The most immediate application is that you can block spots early on by sending out your most skilled laborer, though this is a tradeoff — now your best worker is already out on the board, and certain other spaces, specifically the ones that let you buy cards, might cost extra to use if you can’t match the skill level of a worker already there. So your spurned opponents can potentially tag you back.
Every single placement matters, whether by blocking spots for unskilled laborers or making it tougher to afford cards. It’s a simple system that reminds me ever so slightly of Argent: The Consortium, where your workers require just a bit more consideration than other example of this genre usually require.
The second innovation is found in the way your military levels up over time. While the lower-risk option is to just buy empire cards, eventually you’ll run out of room, and the titans are where the most banners are found anyway, so now and then you’ll want to hire some tribal mercenaries to go out and beat them up for you. The problem is that your mercenaries are cocky sorts, and each victory makes them more expensive later on. At first they’ll only demand one gold piece; later on it’s two, then four. Their services become cost prohibitive before too long.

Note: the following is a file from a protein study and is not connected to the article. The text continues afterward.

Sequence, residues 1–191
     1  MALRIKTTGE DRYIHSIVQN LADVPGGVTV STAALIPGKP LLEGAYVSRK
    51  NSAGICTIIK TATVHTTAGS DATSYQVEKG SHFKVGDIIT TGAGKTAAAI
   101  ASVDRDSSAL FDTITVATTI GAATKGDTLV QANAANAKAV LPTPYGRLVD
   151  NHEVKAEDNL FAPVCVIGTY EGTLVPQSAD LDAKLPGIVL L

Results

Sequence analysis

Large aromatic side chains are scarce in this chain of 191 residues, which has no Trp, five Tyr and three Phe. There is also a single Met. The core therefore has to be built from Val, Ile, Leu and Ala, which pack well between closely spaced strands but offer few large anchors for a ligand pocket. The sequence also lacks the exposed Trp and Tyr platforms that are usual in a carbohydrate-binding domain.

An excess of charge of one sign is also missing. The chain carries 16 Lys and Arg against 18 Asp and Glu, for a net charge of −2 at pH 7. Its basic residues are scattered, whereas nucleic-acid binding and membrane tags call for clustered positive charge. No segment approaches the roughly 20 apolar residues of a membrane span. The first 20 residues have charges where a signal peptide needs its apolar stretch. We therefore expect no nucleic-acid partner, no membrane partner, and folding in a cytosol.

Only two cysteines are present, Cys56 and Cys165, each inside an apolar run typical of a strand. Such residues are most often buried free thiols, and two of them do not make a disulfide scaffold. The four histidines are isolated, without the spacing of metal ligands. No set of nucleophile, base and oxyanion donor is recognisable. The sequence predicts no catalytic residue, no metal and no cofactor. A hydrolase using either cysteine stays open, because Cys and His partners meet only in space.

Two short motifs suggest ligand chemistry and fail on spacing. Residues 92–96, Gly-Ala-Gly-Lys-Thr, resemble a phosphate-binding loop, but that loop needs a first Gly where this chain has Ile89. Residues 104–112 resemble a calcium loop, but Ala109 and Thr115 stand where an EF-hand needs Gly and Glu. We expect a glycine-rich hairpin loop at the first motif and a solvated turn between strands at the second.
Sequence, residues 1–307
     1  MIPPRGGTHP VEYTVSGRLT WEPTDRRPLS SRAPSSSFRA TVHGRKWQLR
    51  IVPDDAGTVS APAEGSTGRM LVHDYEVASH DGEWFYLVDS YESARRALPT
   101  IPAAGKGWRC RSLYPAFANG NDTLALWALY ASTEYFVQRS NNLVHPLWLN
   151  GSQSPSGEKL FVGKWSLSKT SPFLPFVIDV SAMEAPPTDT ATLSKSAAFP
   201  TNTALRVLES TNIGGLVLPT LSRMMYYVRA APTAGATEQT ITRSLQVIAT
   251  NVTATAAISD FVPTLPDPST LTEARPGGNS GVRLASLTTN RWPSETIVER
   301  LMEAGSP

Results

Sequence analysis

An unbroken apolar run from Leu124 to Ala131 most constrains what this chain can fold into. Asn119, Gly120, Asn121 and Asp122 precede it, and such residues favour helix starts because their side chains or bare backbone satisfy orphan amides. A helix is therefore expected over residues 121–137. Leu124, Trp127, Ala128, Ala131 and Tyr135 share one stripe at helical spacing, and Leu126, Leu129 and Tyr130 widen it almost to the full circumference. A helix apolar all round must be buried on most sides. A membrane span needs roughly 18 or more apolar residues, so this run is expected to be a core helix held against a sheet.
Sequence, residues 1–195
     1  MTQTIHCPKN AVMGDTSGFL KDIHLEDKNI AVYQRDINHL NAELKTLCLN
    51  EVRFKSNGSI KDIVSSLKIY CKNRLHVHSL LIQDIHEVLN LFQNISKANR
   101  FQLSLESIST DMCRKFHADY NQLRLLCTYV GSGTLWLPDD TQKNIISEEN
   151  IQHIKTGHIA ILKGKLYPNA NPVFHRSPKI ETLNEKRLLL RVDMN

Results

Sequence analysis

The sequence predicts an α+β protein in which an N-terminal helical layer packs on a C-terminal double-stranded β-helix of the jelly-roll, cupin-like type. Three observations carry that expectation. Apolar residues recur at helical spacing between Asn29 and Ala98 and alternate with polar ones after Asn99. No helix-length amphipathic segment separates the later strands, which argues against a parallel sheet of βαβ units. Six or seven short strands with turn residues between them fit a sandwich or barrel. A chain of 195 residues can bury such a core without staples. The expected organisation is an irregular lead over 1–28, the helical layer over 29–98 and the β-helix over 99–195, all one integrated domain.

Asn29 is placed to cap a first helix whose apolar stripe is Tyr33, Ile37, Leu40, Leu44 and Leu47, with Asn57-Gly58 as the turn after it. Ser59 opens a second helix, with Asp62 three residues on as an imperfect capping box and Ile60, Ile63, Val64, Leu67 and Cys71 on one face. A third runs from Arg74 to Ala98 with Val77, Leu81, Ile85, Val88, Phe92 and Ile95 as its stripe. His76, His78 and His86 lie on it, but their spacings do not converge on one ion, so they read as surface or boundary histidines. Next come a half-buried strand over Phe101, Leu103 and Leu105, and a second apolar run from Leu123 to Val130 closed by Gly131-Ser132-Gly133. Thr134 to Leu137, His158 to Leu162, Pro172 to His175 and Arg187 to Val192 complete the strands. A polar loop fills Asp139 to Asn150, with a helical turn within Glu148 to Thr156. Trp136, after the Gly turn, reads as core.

However! Instead of hiring the same dudes, you can recruit new bands of fighters. When you do, you have the option to “retire” an older unit, flipping it face-down and sliding it partway beneath your new army in such a way that it shows a little upgrade for your new guys — basically, your troops are leveling up based on the experience of previous warriors. Eventually, you’ll have powerful companies of fighters who deal immense damage and can plunder gold from fallen enemies. Best of all, because they’re new troops, their cost resets, letting you take advantage of their elite status without breaking the bank!
Knowing when to pay your troops for their extended services and when to retire them for fresher faces is every bit as central to a successful strategy as blocking spots on the board with skilled workers. Between these two systems, The Ancient World is a game of tightrope choices. Pay your troops to fight that titan before anyone else can snatch it away, or upgrade your army so you can afford to build something in your empire? Block that spot early on to disrupt your opponents’ plans, or hold onto your best workers to make sure you get what you want sometime later?
There’s some other stuff going on, like how you can expand your empire size to accommodate more structures, buy more workers and struggle to feed them, explore to reserve cards before they appear on the board, or use knowledge to unlock better buildings. After all, why settle for a low-income Forest Mine when you can spend some knowledge to get an extra worker from a Highland Town? It’s an absolute pleasure to watch your tiny empire grow from a couple farms to a whole row of structures, districts, and titan corpses, especially since it flows from beat to beat in a respectable 90 minutes once you know the rules, and its decision space is as clear as Laukat’s artwork without ever becoming too obvious.
All in all, The Ancient World has quickly become my favorite of Ryan Laukat’s designs other than Eight-Minute Empire: Legends. It’s definitely something to look out for.